Thanks to a modular design, the console bank can be scaled up or down to accommodate exhibits of varying size.
But Swanson didn't work alone. She credits a collaborative Matrix team effort in bringing the concept to life, and that included up-front input from technology and marketing team members in developing a robust recipe of design requirements. Technology staff requested ample hidden inner storage for the computers, routers, cabling, and power sources needed to run the consoles, as well as built-in secure storage for flatscreen monitors that would be mounted on the outer ends of each bank to loop Matrix product videos. Marketing team members asked that each station
accommodate six consoles – three per side with a Plexiglas divider between the two rows for sense of privacy during sales conversations. They also requested mounted placards next to each console to list technology specs that could be easily changed as product updates occurred.
With the requirements defined, Matrix leadership approved a project brief in early November 2016, giving Swanson the green light to begin the estimated four-month build. Continuing to pinch pennies wherever possible, Swanson chose to have the structure built internally. "Matrix Fitness has an in-house fabrication area inside our facility," Swanson says. "Leadership approved using the model shop to build the banks, which meant that we could complete the project at a much lower cost than if we had requested help from an outside exhibit house." Fabrication included construction of each 8-by-4-by-7-foot station from durable steel and wood framing with a laminate outer shell. With the structure complete, staffers in the model shop built mountings for each console with piping to neatly hide the cabling needed for the supporting technology and power components inside the display, keeping the design sleek and clean.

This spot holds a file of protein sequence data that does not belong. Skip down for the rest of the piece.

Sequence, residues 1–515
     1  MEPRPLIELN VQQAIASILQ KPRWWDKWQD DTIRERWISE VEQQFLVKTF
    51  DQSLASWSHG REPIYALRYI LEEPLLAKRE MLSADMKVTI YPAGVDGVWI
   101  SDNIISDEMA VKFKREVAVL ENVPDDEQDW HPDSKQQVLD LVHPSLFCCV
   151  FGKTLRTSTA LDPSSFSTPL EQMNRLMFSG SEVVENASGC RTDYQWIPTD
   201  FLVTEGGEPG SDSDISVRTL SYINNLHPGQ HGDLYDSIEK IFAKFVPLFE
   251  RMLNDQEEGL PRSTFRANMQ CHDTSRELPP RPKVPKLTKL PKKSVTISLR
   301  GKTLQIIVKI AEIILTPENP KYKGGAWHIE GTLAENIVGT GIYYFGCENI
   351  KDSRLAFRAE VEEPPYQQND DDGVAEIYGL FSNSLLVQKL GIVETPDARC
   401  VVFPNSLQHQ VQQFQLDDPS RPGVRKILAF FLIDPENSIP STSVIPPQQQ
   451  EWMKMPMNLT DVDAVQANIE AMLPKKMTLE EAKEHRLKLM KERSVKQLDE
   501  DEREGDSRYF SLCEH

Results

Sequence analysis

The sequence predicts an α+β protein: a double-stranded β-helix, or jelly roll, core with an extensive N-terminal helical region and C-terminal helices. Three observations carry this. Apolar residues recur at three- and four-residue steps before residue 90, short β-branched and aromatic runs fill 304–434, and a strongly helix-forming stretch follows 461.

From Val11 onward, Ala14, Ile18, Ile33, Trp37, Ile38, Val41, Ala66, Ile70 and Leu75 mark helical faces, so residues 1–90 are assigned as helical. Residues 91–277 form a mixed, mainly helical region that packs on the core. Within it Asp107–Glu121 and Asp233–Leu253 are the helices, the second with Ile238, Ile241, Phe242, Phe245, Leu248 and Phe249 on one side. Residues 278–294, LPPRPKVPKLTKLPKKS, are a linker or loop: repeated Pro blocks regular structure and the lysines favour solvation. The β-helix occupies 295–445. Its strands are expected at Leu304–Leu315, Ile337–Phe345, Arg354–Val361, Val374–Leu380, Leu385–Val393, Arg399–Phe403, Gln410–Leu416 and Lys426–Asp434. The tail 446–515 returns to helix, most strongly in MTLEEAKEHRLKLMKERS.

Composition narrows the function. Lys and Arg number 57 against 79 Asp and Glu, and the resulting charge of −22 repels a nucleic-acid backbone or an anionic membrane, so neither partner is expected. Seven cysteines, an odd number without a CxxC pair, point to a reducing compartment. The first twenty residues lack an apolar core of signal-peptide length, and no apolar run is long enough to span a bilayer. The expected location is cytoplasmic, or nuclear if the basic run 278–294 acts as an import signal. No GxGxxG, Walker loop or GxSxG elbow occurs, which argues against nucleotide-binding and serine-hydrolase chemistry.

"Many teams within the company had input into the project," Swanson says. "By working together from the beginning to create a comprehensive needs/wants list and project brief, the console bank was created almost exactly as envisioned while keeping our costs contained." Swanson saved additional dollars by keeping the buzz on her new console banks to a minimum. "We have always had a very large presence at IHRSA, so we didn't do any extensive pre-show marketing," Swanson says. "We planned to position the banks on the highest traffic corner of our booth as a natural attention-getter, with the goal of attracting as many IHRSA attendees as possible."
Enter the Matrix